If it were possible to cap this, going to see the Vocal Majority perform their own show in the Theatre, on Sunday afternoon did this. At one minute, hugely entertaining, the next stirring, watery eyed moments. Shear class. This is what we are aiming for!

And later that afternoon, the final of the quartet competition. Four of the six finalists had Hallmark members singing with them. And the Gold medalists, who seemed to be genuinely far more surprised at the result than most of the audience, our very own Tagline, comprised entirely of Hallmark members, present or recently past ... and maybe just about to rejoin us. Very well done to them and to our own bass section coach, Rob Foot, who is the anchor of that winning quartet.

In conclusion: I ask myself how much have I learned about singing in the past few months since joining Hallmark of Harmony? The answer is: "loads!".  And how much more have I got to learn? ... Loads!!  

Only one musical instrument made an appearance throughout the weekend, perhaps the cheapest and most amazing instrument that ever existed, the human voice. A perfect contribution and conclusion to the musical experiences that contributed to my mood last weekend ... and not a metaphorical cloud in sight.

We'll be back for this next year!

Friday, 30 January 2015

British Bulldogs, Great Speeches and Poetry ...

Photo: John Anstie
It is not a new notion to say that great speeches are like great poetry [Look up Simon Armitage's documentary on the subject "Speeches that Shook the World" shown on BBC TV on 6th November in 2013 *]. We know all too well how there are certain circumstances, certain events that cause negative emotions to be stirred in us, like the fear that we would ordinarily prefer to keep hidden; fear that has the capability to paralyse us, and deny us our inner strengths. But great speeches. like great poetry, can also stir in us those very positive emotions that bond us in our familial, local and national and even international communities and, in so doing, bind and galvanise us, as well as motivating cooperative action, repair and renewal. The like of this kind of behaviour may seem difficult to believe, these days, when our motives seem only to be characterised by an aspirational, but selfish pursuit of wealth and personal celebrity, often at the expence of those less fortunate; often at the expence of greater causes.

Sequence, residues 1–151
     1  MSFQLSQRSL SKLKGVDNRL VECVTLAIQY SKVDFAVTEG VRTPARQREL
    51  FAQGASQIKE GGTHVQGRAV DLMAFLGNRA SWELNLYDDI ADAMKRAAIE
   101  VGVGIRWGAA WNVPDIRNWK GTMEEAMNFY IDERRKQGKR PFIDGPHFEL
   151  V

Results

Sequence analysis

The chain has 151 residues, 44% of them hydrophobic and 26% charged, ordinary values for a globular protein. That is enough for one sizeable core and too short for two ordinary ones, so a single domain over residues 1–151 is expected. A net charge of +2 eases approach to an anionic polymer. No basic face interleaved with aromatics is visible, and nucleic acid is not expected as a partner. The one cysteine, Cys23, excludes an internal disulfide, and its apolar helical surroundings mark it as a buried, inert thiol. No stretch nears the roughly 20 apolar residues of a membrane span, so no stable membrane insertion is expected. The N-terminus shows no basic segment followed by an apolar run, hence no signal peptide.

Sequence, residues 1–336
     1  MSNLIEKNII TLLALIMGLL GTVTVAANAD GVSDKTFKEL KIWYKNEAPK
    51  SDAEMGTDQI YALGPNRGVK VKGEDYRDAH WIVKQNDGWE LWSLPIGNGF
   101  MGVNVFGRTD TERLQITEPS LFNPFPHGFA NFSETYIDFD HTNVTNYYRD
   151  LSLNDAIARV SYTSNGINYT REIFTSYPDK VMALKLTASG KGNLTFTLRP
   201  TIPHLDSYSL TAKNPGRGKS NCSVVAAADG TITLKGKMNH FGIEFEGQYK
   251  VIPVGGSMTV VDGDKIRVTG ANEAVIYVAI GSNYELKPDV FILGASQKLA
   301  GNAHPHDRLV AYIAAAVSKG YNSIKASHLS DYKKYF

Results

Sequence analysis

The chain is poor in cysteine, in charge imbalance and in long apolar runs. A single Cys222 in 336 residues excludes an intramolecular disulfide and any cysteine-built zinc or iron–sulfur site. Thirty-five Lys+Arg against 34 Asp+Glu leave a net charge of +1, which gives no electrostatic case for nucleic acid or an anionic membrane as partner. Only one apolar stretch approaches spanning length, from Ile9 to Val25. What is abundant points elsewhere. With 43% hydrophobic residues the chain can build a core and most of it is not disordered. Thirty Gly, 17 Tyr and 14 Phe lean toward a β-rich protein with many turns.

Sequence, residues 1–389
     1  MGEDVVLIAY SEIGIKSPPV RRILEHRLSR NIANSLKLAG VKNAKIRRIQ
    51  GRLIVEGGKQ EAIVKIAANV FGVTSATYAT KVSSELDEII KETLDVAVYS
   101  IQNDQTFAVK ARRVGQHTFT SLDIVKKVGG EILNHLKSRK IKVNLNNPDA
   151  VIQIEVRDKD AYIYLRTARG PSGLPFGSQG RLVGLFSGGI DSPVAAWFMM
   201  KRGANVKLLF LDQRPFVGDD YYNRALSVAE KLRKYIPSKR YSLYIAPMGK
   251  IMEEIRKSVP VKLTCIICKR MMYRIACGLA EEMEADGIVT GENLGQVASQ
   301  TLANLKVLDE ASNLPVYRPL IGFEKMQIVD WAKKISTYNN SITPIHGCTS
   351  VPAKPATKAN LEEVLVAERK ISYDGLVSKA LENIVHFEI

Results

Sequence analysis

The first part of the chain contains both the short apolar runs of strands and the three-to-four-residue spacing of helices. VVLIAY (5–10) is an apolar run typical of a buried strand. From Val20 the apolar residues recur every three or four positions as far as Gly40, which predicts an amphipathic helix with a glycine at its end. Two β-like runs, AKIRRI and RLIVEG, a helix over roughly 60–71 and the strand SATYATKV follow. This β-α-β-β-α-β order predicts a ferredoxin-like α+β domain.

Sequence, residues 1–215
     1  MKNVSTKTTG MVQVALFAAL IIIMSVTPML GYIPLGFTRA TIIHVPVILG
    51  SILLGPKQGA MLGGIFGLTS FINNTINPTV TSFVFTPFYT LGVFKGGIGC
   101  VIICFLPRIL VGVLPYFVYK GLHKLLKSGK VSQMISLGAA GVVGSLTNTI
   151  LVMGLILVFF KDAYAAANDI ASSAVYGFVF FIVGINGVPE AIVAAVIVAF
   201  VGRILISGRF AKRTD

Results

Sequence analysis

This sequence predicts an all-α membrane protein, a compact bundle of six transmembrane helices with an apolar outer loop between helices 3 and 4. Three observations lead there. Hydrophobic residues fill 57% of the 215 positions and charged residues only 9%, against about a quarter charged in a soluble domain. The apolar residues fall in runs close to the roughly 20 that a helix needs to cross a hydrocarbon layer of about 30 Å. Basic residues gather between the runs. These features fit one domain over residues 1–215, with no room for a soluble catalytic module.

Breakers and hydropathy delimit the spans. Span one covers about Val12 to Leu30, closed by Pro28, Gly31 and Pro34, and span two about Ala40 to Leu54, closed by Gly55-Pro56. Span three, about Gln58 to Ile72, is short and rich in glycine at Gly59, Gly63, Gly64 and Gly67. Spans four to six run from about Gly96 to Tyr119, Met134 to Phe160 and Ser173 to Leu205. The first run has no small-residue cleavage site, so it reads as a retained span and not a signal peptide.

But one man encapsulated the essence of leadership for Great Britain, at a time when it was needed most. He was a man, who, despite his unpopularity amongst certain sections of society in peace time, galvanised a nation into girding its loins and taking action; who, above all else, was capable of stirring the most powerful of positive emotions in us, of breathing the oxygen of hope into a nation that was almost on its knees in the early years of World War II. He was a man, who was an articulate weaver of words, a speech-maker and, it could be argued, a poet. Above all else he was a true leader. That man was, of course, none other than the late Sir Winston Churchill. Yesterday was the 50th anniversary of his State funeral - an honour, apparently never before afforded to a 'Commoner'. 

His speech at the conclusion of the Battle of Britain was poetic:

"Never in the field of human conflict
was so much owed
by so many
to so few" 

I have deliberately broken his prose into poem-like lines, to emphasise the pauses he made between them, to great dramatic effect; an effect that embeds a message deep into our psyche, it sears the soul such that you could feel it in your guts.

The way in which he delivered his rallying speech to Parliament on 4th June 1940 ...

"We shall go on to the end. 
We shall fight in France, 
we shall fight on the seas and oceans, 
we shall fight with growing confidence 
and growing strength in the air, 
we shall defend our island, 
whatever the cost may be.
We shall fight on the beaches, 
we shall fight on the landing grounds, 
we shall fight in the fields and in the streets, 
we shall fight in the hills;  ... 

... without doubt, embraces many facets of the poetic. It had such rhythm, even half rhymes and cadences, to say nothing of the way he used the repeated punchy phrase "we shall fight" and how the subtle stress on certain words, lingering on the vowels of certain key words and leaving short silences between lines built drama as the speech progressed to its conclusion.

... we shall never surrender."

Whatever your detractors may have said against you, Sir Winston, for the huge role you played, between 1940 and 1945, in helping a nation believe in itself again and that it could, nay, would prevail, I salute you.